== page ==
New York Times: US Vision for Mideast – For Now

US Secretary of State Mike Pompeo followed the lead of former US President Barack Obama by visiting a Cairo university to present a vision of US foreign policy in the Middle East. A global audience can only conclude that the United States is an unreliable partner due to a polarized electorate, failing with consistent long-turn strategy, and perhaps for the short term, too, as Trump administration members disagree over withdrawing troops from Syria. Obama’s purpose in 2009 was to reset relations in the region after the 2003 invasion in Iraq, reject torture and signal willingness to engage with Iran. Donald Trump announced withdrawal of troops from Syria. Then the national security advisor said withdrawal depends on conditions, including containing Islamic State extremists followed by Pompeo’s remarks, suggesting the United States would pursue more engagement in the Middle East and “when America retreats, chaos follows.” The New York Times reports: “Pompeo’s prescription was short on specifics, beyond bolstering alliances with Arab autocrats loyal to Washington. Instead he painted a picture of a Middle East cast into chaos by President Barack Obama, and that can only be rescued by crushing Iran. He advocated a policy of containment of Iran’s power, pressing for allies in the region to isolate the country.” Iran’s foreign minister responded: “Whenever/wherever U.S. interferes, chaos, repression and resentment follow.” Zigzagging US policies for the Middle States, with little sign of peace or stability, carry tremendous costs for all involved. – YaleGlobal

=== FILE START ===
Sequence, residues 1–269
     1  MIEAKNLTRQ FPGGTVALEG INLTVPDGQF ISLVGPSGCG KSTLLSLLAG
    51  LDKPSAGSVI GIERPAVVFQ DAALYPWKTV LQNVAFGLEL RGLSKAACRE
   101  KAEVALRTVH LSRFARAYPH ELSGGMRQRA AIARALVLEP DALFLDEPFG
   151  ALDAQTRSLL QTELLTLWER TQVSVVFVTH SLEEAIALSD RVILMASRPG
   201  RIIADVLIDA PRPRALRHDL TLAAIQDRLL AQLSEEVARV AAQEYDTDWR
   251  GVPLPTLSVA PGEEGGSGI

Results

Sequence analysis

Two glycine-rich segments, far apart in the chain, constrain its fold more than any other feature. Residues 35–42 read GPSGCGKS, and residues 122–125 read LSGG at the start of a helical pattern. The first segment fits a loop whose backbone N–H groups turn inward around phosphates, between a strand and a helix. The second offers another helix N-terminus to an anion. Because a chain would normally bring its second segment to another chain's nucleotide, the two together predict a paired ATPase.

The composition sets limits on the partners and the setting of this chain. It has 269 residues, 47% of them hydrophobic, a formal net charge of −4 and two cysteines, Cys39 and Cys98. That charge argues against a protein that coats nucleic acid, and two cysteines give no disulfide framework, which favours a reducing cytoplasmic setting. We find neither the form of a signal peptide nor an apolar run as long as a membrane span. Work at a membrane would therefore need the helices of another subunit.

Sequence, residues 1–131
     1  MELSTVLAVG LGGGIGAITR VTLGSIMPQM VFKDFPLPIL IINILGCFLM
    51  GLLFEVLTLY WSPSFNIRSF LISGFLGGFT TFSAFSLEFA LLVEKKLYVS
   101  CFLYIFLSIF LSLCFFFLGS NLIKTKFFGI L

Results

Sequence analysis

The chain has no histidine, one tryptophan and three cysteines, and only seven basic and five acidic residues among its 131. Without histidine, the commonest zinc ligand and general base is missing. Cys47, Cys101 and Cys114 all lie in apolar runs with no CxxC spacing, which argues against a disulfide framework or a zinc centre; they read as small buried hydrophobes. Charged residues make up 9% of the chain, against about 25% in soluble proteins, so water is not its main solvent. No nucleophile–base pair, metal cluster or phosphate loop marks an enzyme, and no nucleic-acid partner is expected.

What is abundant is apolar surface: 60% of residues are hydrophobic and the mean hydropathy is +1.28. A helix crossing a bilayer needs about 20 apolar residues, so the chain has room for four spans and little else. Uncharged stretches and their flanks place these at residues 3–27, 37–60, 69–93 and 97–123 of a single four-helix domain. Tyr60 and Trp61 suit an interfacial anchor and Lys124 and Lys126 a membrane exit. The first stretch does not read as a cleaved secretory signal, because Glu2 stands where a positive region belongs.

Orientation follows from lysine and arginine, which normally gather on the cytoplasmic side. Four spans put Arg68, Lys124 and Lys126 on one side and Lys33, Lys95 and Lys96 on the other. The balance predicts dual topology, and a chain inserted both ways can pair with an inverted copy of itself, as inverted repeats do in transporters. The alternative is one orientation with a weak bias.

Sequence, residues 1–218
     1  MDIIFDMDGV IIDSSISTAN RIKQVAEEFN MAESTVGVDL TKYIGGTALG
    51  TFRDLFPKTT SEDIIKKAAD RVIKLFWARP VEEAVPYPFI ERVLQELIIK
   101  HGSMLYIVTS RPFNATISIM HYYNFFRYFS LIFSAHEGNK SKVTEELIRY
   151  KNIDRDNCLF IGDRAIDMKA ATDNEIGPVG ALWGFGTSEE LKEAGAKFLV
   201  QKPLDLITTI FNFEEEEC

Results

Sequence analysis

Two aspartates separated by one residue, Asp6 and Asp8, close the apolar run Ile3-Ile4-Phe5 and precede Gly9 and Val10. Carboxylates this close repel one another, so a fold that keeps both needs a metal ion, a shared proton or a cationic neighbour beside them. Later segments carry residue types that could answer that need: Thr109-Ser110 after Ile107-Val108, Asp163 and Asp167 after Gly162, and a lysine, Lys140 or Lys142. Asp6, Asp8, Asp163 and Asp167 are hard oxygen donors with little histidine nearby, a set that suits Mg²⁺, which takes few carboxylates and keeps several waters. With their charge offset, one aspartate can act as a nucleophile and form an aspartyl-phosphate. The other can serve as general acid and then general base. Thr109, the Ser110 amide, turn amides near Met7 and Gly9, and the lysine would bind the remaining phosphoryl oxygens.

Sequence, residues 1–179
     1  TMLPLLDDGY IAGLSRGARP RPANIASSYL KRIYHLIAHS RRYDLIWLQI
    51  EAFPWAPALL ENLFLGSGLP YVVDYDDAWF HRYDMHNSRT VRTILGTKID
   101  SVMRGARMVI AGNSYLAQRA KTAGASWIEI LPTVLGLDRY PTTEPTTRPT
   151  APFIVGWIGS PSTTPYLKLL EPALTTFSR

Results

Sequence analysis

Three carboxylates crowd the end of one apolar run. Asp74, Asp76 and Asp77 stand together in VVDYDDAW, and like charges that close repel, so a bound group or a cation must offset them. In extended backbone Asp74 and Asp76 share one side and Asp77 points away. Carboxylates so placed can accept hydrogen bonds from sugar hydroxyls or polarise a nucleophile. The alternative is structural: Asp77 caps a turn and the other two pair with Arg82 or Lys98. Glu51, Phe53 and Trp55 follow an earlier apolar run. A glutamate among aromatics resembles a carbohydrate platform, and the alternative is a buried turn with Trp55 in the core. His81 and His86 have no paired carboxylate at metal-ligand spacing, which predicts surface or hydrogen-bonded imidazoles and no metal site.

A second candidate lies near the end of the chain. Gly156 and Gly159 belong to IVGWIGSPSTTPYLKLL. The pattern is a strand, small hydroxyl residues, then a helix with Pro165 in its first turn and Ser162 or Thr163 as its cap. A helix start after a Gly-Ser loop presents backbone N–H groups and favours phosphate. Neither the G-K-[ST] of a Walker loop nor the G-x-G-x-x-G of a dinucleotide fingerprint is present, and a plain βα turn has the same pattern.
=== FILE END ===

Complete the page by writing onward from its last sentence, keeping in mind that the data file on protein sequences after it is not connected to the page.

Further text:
New York Times: US Vision for Mideast – For Now

From Bush to Obama to Trump – a polarized US electorate makes it impossible for the country to a be a reliable or cost-efficient partner in the Middle East
Declan Walsh and David E. Sanger
Friday, January 11, 2019

Read the article from the New York Times about shifting US vision, policies and strategy for the Midde East.

Declan Walsh is the Cairo bureau chief, covering Egypt and the Middle East.  David E. Sanger is a national security correspondent and a senior writer. In a 36-year reporting career for The New York Times, he has been on three teams that have won Pulitzer Prizes, most recently in 2017 for international reporting. His newest book, The Perfect Weapon: War, Sabotage and Fear in the Cyber Age, examines the emergence of cyberconflict as the primary way large and small states are competing and undercutting each other, changing the nature of global power. Walsh reported from Cairo, and Sanger from New York.     

© 2019 The New York Times Company

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